Yermiyahu Ahron Taub is the author of the new book The Education of a Daffodil: Prose Poems. His other books of poetry include Prayers of a Heretic and Uncle Feygele, and, with Ellen Cassedy, he translated Blume Lempel's Oedipus in Brooklyn and Other Stories from Yiddish to English. He lives in Washington, D.C.
Q: How did you choose "The Education of a Daffodil" as your new book's title, and what does it signify for you?
A: I aimed for this book to be a prose poetry version on a small scale of a bildungsroman, or a novel dealing with someone’s formative years or spiritual education. In a few pages, the main character is educated in matters of the spirit and some of the ways of the world.
Of course, the book is a dark variation on the theme of spiritual education, as the main character encounters cruelty in various religious settings.
I chose the name “daffodil” for its metaphorical flexibility. First, it is one of the many names/labels given to male homosexuals in the English language over the generations.
Certainly, there were many other possibilities. In fact, the poem “Naming Without Ceremony” (page 89) is a consideration of a sampling of these names (e.g. Nellie, faggot, flit, queer, sister). Some, such as daisy, buttercup, Betty, and Auntie Belle, were new to me.
These names in the poem are shaped on the page into the pi symbol to represent the seemingly endless societal preoccupation with homosexuality. If I had added the list of terms for lesbians, the list would have been even longer.
Second, there is something hardy, pioneering, and “courageous” about the daffodil in its being one of the first flowers of spring. When we note the green stalks pressing forth from the cold ground and then the yellow bulbs briefly emerging, we know that spring is just around the corner.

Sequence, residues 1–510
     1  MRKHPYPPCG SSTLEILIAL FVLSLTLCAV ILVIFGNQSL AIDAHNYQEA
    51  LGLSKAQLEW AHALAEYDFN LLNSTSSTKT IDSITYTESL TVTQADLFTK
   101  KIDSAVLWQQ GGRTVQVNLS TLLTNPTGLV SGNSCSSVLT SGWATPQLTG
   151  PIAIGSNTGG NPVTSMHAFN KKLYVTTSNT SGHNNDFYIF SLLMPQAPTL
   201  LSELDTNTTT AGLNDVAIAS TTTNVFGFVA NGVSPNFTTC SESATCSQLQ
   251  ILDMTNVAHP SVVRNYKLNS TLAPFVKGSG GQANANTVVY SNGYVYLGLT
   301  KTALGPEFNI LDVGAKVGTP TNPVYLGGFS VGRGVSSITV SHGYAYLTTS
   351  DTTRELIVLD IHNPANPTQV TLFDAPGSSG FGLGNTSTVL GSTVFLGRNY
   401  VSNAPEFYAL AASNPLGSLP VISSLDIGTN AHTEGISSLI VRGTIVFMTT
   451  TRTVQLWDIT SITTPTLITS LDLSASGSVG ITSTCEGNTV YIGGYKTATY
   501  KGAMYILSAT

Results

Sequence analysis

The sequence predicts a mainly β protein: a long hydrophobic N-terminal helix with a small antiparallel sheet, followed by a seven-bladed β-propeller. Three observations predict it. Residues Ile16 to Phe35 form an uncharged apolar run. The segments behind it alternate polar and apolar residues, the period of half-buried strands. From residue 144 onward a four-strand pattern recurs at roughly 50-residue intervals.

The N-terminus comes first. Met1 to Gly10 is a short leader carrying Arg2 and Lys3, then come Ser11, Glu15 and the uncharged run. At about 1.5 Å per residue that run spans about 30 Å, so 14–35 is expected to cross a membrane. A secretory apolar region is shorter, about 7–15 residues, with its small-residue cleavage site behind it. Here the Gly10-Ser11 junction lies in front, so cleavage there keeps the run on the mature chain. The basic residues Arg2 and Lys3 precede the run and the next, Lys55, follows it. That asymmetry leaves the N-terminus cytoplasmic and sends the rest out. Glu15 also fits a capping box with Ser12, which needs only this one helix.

It was important for me to foreground the main character’s courage and determination as a queer boy/young man in an ultra-Orthodox milieu.
Additionally, the “daffodil” metaphor harks back to William Wordsworth’s poem “I Wandered Lonely as a Cloud” which so many school children study and memorize.
For Wordsworth, the “sprightly dance” of the daffodils even surpasses the sparkle of the bay’s waves. The remembered image of the expanse of “ten thousand” daffodils fills the poet’s heart with pleasure when he is away from the daffodils (and nature), causing it to dance with the daffodils.
That foundational interplay between joy and melancholy, our states of being within nature and in retreat from it reverberate throughout the book. So the daffodil in this book is both a part of those “ten thousand” and also apart from them, forging a different path.
Q: Some of the prose poems in the book deal with a variety of characters while others focus on the daffodil. What themes do you see running through the various poems in the collection?
A: "Brief Histories of Fear," the first section in the book, is a sequence of narrative poems about a variety of protagonists. We don’t meet the daffodil until "Life Studies in Yellow (and Other Primary Colors)," the second section of the book.
The first section functions as an opening act, a kind of emotional buildup to the story of the daffodil in the second section. I wanted the book to include poems that did not directly concern the daffodil. For me, the drama is heightened when the daffodil and his story is revealed later in the book.